[jef-er-soh-nee-uh n]


pertaining to or advocating the political principles and doctrines of Thomas Jefferson, especially those stressing minimum control by the central government, the inalienable rights of the individual, and the superiority of an agrarian economy and rural society.


a supporter of Thomas Jefferson or Jeffersonianism.

Origin of Jeffersonian

An Americanism dating back to 1790–1800; Jefferson + -ian
Related formsJef·fer·so·ni·an·ism, nounpro-Jef·fer·so·ni·an, adjective Unabridged Based on the Random House Unabridged Dictionary, © Random House, Inc. 2019

Examples from the Web for jeffersonian

Contemporary Examples of jeffersonian

Historical Examples of jeffersonian

  • Jeffersonian simplicity is preached; extravagance is practised.

    'Tis Sixty Years Since

    Charles Francis Adams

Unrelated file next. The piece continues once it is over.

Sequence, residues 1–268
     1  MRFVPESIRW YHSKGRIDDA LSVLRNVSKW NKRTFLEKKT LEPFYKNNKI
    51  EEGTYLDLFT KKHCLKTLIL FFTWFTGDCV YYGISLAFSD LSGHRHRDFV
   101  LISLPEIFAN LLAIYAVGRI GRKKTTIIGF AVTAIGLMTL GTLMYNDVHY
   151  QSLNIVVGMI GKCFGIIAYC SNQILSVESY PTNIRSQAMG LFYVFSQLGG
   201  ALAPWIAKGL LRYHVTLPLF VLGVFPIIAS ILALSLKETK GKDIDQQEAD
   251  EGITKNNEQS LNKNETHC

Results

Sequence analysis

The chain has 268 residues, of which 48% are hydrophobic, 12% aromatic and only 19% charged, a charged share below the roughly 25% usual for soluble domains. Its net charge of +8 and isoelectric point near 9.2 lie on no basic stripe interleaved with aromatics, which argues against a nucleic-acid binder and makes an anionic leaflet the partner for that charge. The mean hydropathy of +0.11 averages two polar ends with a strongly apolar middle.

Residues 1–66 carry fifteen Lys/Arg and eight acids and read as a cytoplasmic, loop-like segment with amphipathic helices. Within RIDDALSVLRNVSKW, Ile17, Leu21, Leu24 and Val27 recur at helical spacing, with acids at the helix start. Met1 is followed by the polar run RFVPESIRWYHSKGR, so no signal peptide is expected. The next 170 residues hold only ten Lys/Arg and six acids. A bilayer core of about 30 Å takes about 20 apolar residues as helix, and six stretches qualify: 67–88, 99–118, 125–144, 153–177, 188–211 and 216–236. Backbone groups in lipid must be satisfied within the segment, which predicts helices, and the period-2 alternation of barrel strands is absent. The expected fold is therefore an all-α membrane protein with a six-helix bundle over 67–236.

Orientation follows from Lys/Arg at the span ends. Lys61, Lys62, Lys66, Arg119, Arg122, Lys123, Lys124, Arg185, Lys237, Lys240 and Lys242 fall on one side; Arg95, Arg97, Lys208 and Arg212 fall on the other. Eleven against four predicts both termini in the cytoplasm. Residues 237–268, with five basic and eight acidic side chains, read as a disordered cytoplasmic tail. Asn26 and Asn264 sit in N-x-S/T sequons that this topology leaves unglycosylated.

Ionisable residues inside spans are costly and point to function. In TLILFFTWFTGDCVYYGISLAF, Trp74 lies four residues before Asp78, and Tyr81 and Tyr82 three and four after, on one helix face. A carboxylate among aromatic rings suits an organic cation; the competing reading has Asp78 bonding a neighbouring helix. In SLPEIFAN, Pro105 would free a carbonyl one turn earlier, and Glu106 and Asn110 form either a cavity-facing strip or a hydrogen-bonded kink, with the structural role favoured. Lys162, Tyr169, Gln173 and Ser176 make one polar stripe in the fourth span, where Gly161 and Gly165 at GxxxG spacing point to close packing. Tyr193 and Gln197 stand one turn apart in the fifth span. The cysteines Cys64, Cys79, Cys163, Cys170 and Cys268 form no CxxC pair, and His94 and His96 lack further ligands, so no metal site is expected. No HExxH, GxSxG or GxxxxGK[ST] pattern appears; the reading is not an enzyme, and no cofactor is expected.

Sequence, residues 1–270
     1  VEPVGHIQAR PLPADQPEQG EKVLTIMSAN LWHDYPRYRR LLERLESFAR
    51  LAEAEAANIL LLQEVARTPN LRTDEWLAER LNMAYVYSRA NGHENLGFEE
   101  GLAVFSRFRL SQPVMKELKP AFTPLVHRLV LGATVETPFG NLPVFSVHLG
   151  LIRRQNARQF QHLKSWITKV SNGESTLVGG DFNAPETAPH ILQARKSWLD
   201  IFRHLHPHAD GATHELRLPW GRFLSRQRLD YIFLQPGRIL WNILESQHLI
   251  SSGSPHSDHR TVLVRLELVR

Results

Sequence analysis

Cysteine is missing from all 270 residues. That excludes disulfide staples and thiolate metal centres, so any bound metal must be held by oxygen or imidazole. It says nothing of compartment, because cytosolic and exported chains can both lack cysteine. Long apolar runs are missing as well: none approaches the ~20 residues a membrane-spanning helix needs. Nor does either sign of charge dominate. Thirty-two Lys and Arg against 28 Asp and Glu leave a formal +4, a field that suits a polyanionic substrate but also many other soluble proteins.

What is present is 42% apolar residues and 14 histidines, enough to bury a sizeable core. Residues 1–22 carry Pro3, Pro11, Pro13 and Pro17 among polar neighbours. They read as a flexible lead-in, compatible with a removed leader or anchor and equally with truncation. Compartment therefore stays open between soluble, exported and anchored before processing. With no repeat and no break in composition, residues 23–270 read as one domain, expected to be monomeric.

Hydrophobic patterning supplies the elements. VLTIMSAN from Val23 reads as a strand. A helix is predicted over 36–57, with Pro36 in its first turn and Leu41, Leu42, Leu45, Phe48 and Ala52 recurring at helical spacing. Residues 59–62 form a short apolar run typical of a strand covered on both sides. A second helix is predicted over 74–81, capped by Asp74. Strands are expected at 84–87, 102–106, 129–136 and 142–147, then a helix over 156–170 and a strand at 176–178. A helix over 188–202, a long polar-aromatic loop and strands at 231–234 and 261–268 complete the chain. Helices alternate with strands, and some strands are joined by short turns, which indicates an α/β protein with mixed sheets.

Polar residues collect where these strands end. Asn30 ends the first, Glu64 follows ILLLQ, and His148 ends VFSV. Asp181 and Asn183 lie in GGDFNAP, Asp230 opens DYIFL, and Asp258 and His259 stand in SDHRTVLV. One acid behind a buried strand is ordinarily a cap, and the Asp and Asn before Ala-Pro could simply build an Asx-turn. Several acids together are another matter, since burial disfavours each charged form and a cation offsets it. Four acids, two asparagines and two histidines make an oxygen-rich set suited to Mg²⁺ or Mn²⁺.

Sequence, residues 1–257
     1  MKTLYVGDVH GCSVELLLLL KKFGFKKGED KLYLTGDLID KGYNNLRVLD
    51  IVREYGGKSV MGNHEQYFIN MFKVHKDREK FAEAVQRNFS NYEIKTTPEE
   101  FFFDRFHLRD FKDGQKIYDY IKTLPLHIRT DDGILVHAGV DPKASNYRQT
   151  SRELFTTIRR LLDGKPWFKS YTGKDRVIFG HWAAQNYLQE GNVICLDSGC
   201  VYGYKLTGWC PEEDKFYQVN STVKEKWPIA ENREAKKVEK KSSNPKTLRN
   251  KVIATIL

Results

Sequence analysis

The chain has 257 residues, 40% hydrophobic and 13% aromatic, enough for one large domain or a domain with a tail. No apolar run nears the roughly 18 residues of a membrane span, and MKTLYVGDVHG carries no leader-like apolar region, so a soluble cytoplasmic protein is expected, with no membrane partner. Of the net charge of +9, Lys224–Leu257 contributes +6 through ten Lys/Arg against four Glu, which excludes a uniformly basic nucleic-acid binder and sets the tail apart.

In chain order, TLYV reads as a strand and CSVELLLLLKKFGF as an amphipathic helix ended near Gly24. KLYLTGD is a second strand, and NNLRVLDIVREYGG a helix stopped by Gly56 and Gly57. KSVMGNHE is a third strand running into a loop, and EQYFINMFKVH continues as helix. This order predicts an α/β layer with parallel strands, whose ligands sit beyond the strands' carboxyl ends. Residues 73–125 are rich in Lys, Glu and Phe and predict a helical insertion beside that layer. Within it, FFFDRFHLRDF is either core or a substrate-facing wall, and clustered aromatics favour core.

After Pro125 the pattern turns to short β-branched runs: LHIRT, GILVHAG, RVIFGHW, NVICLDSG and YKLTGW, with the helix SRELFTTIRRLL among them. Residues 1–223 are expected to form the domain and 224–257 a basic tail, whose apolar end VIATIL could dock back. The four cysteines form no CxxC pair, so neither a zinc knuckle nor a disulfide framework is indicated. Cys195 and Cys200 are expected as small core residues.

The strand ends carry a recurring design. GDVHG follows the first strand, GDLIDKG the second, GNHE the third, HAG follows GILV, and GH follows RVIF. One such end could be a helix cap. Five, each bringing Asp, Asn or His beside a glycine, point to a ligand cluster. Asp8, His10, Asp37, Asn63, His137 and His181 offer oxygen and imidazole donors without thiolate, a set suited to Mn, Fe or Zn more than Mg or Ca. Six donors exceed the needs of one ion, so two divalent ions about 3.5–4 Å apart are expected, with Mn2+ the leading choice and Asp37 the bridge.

• It is to it that the Jeffersonian doctrines about the "wisdom" of the people would apply.


    William Graham Sumner

  • It was, however, this up-country which had been the mainstay of the Jeffersonian party.

    Expansion and Conflict

    William E. Dodd

  • Morton, like Granger, was a Republican and a devoted Jeffersonian.

  • One of these, the Jeffersonian, was published weekly, at Albany.

    Men of Our Times

    Harriet Beecher Stowe

Word Origin and History for jeffersonian


1799 (n.), 1800 (adj.), in reference to the politics and policies of U.S. revolutionary and president Thomas Jefferson.

Online Etymology Dictionary, © 2010 Douglas Harper